Fighting A Fire And Odds Against Survival For Wisconsin Family Farms

"Our family farm was in midst of sensitive transition when a spark touched off flames that could have finished it for good"

Fighting A Fire And Odds Against Survival For Wisconsin Family Farms

My sister was down by the calf barn when she looked up the hill and saw the fire. The flames were already 5-feet high, dancing atop a corn stalk bale they’d swallowed, one of more than 100 highly flammable bales stacked in front of the loafing shed where we kept dozens of cattle. And all of it — the cattle and the bales and the fire — was just feet away from our farm’s three gas tanks, ready to blow.

Malia was pregnant with her fifth child, but you wouldn’t have known it by how quickly she jumped into the side-by-side Kubota utility vehicle and sped toward the flames. Along for the ride were three fire extinguishers, and knowledge of exactly what could happen.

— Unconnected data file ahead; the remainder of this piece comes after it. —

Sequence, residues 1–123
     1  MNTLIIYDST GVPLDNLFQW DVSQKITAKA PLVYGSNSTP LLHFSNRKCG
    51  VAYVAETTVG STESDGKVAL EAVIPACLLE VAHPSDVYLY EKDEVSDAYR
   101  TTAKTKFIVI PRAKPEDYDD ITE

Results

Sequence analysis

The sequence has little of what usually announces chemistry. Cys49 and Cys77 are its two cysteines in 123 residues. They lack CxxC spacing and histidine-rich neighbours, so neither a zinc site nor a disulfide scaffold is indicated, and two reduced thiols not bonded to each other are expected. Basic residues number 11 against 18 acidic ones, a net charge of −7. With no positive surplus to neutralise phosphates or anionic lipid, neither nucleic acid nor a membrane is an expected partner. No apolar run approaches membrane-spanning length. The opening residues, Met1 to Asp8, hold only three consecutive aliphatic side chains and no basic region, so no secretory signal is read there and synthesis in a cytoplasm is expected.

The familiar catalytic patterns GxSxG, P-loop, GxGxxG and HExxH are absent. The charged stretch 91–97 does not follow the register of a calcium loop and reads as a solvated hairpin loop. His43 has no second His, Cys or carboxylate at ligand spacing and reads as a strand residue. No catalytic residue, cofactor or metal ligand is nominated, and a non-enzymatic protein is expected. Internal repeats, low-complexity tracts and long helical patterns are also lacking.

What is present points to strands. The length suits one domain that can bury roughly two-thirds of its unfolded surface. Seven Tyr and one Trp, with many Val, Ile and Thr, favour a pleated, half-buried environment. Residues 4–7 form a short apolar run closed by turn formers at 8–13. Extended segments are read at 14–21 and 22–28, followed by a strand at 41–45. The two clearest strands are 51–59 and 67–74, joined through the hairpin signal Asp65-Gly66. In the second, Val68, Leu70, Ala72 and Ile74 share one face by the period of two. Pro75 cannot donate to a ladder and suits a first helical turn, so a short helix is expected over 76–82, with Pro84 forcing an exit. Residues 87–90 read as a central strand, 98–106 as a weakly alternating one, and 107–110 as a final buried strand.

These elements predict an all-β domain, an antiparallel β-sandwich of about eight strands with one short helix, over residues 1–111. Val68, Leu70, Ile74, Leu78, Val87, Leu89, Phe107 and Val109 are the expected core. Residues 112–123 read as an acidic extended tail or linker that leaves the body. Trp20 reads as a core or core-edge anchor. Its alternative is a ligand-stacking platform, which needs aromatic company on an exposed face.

“Paxton was still with me,” she remembered thinking of her 6-year-old son before she leapt from the side-by-side to fight the fire. “So I had to park the Kubota far enough away to keep him safe.”

Malia Reisinger, who works as a manager of her parents’ farm in Sauk County, grew up loving animals. When a fire broke out at their farm last year, she fought the fire and moved their animals to safety. Brian Reisinger

If this seems like something most people wouldn’t do, running toward flames, it’s something that for my sister is part of our way of life. And it’s these moments that represent the crisis of disappearing farms across rural America. While so many farms are ground into the dust by hard economics and other forces, there is often a personal tragedy that actually drives them under. A herd of animals dead, or a crop lost. A family member sick. God forbid, an accident.

Or a fire.

Living the crisis of Wisconsin’s disappearing family farms

According to survey data released this year by the U.S. Department of Agriculture, Wisconsin lost another 8 percent of its farms from 2012 to 2022, topping the nationwide loss of 5 percent. And that drop, part of a trend that bounces around year-to-year but maintains its general downward spiral, is just the latest chapter in a decades-long loss. In the past generation, America has lost about 85 percent of our country’s dairy farms. Farms that long drove Wisconsin’s economy, and still define our identity.